7 Ways to Add Natural Color to Food

turmeric powder and roots
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Before you take a bite or sip of that brightly colored delight, here’s some news to chew. 

Some European studies have reported links between artificial colors in food and a range of health issues. The European Union requires foods and beverages that contain any of six artificial colors to carry a warning: 'May have an adverse effect on activity and attention in children.' Here in the U.S., the Food and Drug Administration (FDA) doesn’t require such a warning. But you can still limit artificial coloring in your food using these seven tips:


Create eye-catching appeal simply by adding vivid purple cauliflower, rich blue potatoes or fun striped beets to your plate. Or go traditional with red beets — they contain red betalain pigments. 

Try this: Steam or roast red beets, puree and stir into hummus, quinoa or cheesecake batter for a gorgeous fuchsia hue. 


Some of the most beautiful colors on the planet come from fruit. Pick fruits that can stain — that’s a tipoff they’re excellent for “coloring" — and good for you. 

Try this: Blueberries top the charts for naturally occurring blue/purple color due to anthocyanins. Blend the berries with bananas for a stunning sorbet or smoothie, or simmer with pure maple syrup for better (and blue!) pancake syrup.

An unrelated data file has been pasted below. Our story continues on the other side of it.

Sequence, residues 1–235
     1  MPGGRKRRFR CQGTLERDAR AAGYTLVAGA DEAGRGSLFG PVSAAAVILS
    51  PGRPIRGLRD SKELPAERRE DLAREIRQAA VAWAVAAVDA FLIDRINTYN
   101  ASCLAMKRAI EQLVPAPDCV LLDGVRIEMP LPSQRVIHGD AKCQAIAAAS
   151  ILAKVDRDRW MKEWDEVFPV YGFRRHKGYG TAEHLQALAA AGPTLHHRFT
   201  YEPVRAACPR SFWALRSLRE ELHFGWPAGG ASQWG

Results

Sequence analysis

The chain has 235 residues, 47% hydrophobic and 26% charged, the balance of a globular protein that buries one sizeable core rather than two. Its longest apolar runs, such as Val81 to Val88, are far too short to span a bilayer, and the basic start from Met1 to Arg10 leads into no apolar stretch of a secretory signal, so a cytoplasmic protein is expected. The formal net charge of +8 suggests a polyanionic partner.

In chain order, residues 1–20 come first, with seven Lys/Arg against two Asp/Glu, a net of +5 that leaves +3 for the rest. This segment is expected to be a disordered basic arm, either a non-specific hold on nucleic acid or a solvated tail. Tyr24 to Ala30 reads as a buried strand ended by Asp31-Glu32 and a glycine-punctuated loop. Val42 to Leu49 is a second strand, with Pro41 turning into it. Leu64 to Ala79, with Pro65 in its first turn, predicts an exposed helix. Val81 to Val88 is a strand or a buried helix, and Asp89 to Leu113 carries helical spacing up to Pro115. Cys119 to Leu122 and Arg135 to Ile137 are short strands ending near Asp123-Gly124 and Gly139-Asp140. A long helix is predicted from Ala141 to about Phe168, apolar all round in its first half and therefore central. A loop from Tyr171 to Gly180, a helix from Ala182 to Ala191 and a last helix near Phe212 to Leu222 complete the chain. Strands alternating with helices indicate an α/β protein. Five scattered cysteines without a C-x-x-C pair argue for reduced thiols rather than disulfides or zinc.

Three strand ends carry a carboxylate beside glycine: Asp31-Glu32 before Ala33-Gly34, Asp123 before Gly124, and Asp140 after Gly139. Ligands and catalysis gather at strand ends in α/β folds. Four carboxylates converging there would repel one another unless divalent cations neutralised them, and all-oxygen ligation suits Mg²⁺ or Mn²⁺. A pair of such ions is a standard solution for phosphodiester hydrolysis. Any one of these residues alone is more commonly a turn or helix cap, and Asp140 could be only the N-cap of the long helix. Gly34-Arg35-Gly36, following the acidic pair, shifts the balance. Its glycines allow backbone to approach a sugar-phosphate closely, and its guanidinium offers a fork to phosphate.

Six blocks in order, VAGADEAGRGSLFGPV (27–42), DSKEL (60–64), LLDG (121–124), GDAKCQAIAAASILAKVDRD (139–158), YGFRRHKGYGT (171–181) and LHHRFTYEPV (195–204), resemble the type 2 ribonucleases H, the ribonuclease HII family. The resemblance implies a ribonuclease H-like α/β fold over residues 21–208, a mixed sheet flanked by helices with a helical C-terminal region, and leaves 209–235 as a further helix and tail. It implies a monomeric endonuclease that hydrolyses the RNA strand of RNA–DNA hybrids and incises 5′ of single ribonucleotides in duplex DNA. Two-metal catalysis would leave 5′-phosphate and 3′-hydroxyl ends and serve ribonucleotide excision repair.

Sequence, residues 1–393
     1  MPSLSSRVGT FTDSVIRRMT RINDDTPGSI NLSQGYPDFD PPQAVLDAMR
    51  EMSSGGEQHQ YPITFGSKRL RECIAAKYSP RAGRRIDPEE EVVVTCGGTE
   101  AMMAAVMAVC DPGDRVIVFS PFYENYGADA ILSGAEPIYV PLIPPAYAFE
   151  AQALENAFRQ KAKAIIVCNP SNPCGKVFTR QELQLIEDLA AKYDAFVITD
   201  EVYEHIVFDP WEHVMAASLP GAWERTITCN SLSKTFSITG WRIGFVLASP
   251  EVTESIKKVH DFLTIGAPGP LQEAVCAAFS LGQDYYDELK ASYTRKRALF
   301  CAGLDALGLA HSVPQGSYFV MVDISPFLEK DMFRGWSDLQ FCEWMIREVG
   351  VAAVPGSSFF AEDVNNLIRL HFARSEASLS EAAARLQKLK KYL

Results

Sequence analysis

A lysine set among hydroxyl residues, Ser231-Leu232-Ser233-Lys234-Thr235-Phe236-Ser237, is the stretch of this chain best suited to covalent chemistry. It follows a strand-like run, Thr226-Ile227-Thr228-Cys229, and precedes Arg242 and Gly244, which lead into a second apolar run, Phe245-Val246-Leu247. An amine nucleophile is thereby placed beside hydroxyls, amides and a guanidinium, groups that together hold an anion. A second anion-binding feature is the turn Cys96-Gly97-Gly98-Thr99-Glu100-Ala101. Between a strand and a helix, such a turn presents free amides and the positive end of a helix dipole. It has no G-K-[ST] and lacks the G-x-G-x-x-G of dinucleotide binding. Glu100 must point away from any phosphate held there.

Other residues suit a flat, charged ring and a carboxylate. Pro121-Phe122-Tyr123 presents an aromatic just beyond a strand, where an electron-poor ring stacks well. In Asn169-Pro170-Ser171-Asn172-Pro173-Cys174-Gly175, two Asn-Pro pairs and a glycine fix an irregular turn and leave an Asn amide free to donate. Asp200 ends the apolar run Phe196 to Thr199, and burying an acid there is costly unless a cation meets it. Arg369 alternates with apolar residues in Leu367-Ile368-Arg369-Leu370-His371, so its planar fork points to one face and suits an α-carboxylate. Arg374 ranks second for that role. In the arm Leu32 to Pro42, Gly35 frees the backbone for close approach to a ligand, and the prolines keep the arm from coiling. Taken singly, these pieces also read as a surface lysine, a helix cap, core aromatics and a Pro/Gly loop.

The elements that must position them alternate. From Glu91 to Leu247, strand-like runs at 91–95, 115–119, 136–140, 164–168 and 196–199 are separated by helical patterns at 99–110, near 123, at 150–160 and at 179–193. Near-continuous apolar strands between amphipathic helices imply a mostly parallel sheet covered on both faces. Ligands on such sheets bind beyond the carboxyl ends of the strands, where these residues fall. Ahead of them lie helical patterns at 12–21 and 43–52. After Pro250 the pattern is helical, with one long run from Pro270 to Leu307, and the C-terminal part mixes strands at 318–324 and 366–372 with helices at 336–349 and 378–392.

Fresh Herbs

Adding fresh herbs to cuisine is often thought of as garnishing. But herbs can transform plain ingredients into gorgeous green dishes thanks to chlorophyll.

Try this: Blend fresh herbs with ingredients like beans, yogurt or eggs to create dishes like herbed bean dip, creamy basil sauce or green eggs (with or without ham)! 


Spices like saffron, turmeric and paprika impart color to food with just a pinch.

Try this: Want yellow color? Try turmeric. It contains curcumin, giving this spice its noted color and inflammation-fighting potential! It provides a lovely yellow tone to rice, dips and sauces. It creates intense yellow in deviled or scrambled eggs — and makes scrambled tofu look like eggs.


Not all flowers are edible. But when they are, such as naturally grown lavender, marigold and nasturtium, they’re stunning additions to dishes, especially desserts. 

Try this: Check out Gourmet Sweet Botanicals Herb and Flower Crystals for edible and crystallized flower varieties. 

Natural Food Colors

There are now 100 percent natural food colors on the market! One pick: Color Garden. And others are popping up in more of our food supply. For instance, GNT provides food companies with natural, vibrant colors derived exclusively from fruits, vegetables and edible plants. Look on the labels for phrases like these: “Fruit and vegetable juice (for color);” “Raw Material (e.g., Carrot) Juice (for color);” or “Contains less than 1% of fruit juice and vegetable juice (for color).”

So do eat a rainbow of colors … naturally, by coloring with food!

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Jackie Newgent
Jackie Newgent, RDN, CDN, is a chef, registered dietitian nutritionist, cookbook author and media personality. She’s a recreational culinary instructor at the Institute of Culinary Education and freelance professional recipe developer. Read her blog, Tasteovers by Jackie, and connect with her on Twitter, Facebook, Pinterest, Google+, Instagram and LinkedIn.